Oman is well placed to harness the sun’s power, having what is thought to be one of the highest solar energy densities in the world.
Solar energy looks set to play a growing role in Oman’s energy mix as the Sultanate moves to address the two-fold challenge it faces of meeting rising demand for electricity while reducing state support for the power sector.
Oman is well placed to harness the sun’s power, having what is thought to be one of the highest solar energy densities in the world. At present, most of the sultanate’s electricity generation is from gas, which accounts for around 70% of all fuel used in the country, while the rest is largely derived from oil in the form of diesel.
Officials are keen to boost the part played by renewables in meeting domestic electricity demand, since this would free up more of Oman’s hydrocarbon output for export and help reduce losses in revenue incurred through channelling supplies to the privatised power sector at a rate well below market value.
According to estimates from the Authority for Electricity Regulation, Oman, state electricity subsidies for the area covered by the Main Interconnected System (MIS) were expected to increase 50 per cent in 2012 year-on-year.
The regulator said in a report issued at the end of last year that electricity subsidies for users connected to the distribution grid would reach RO 165m ($428.5m), accounting for almost 30 per cent of the total cost of powering the country. In its report, the authority pointed out that the real cost was even higher, given that users benefitted from an indirect subsidy on fuel sold to production facilities at below open market value.
“Foregoing opportunities to use domestically produced gas and diesel fuel for purposes such as export or increasing allocations to industrial projects, imposes real costs on the government,” the regulator said. The MIS distribution grid provides electricity for most of Oman, except the Salalah region and those parts of the country served by the Rural Areas Electricity Company (RAEC).
In the 2013 draft budget, Oman’s fuel subsidies, including those given for petrol, add up to $1.9 bn and account for more than 40 per cent of the projected deficit for the financial year and more than half of the total subsidies bill.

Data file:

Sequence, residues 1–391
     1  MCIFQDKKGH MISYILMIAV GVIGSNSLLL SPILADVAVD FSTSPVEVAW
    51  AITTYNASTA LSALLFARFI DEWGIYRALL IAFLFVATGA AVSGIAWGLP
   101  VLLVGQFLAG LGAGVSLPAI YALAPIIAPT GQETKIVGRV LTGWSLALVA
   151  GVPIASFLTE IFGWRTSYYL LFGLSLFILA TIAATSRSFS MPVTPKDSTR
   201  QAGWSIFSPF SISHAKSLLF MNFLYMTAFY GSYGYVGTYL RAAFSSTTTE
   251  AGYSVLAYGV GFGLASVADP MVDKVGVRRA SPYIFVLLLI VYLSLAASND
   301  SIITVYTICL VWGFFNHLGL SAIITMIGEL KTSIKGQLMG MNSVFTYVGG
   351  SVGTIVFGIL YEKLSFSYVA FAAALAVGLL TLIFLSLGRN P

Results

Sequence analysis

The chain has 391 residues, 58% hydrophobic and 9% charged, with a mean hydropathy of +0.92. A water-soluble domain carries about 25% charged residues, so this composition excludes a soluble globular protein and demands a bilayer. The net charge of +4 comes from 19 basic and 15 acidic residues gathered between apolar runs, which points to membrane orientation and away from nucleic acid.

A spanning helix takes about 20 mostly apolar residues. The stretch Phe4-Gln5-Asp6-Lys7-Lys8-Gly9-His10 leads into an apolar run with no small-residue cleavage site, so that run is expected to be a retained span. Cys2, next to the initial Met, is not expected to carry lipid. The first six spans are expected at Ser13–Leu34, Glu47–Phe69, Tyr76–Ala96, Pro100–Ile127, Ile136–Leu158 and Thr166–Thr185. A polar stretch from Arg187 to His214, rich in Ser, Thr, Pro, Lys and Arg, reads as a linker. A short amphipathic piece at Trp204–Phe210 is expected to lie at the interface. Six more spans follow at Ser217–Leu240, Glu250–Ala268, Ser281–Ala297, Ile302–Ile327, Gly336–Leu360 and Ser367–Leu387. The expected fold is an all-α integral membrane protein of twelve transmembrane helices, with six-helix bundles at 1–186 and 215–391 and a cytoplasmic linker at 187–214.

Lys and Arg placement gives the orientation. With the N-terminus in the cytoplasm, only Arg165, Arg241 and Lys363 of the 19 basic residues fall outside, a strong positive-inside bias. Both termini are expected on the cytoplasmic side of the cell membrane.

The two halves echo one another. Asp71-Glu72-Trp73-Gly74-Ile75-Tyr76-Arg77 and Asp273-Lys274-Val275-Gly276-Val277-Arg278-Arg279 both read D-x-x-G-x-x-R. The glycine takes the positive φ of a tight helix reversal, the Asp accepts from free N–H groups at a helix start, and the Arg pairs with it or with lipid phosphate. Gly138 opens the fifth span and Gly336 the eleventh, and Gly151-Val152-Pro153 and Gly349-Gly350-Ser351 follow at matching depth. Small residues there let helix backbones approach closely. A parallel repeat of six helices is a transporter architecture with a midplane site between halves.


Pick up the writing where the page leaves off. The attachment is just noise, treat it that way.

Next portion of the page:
Announcing the budget in mid-March, Darwish bin Ismaeel al Balushi, the Minister Responsible for Financial Affairs, said a careful review of fuel subsidies was needed to rein in rising costs and promote more efficient electricity usage.
A national energy policy review currently being finalised is expected to put a greater emphasis on renewable power sources. Estimates indicate that thanks to its high solar energy densities, or “sky clearness”, Oman could more than meet its present electricity needs by deploying concentrated solar power (CSP) technology over an area equivalent to just one tenth of its land mass. The government has already set a target of generating 10 per cent of its electricity from the sun by 2020, and many believe the findings of the review will prompt officials to consider increasing the percentage, given the rising cost of supporting conventional electricity generation.
Oman’s bid to boost the use of alternative power is already moving forward, with the Authority for Electricity Regulation announcing in mid-March that it planned to issue new guidelines promoting the use of renewable energy in rural areas. The RAEC is now required to include a component of renewable energy technology, which could be either solar or wind, in any project where funding has been requested. The only exceptions will be projects where the use of renewables is not technically feasible or financially viable, the authority said.
In a press statement issued on March 16, John Cunneen, the authority’s executive director, said the new regulations were confirmation of Oman’s commitment to renewable energy. “These new requirements for electrification funding will accelerate the deployment of renewable energy technologies in rural areas and ensure projects are subject to competitive tendering,” Cunneen said.
The requirement to utilise renewable power in rural projects will provide greater opportunities for suppliers of solar and wind energy technology, while helping to strengthen the market for such services. Currently, the costs for solar energy are higher than those of power stations using conventional fuels. However, the gap is narrowing as economies of scale take effect, with higher volumes of production for materials and improved technology lowering margins. Oman will also benefit from being able to redirect more of its gas production to the export market or towards supplying its expanding industrial base.
While shorter-term costs, including initial investments required to establish a viable solar energy production sector, may push up per-unit prices, these should be offset by long-term benefits. Overall, the stronger commitment to renewable energy sources should help Oman reduce the drain on its own hydrocarbons reserves and bring down subsidies, allowing the Sultanate to redirect budgetary funds elsewhere.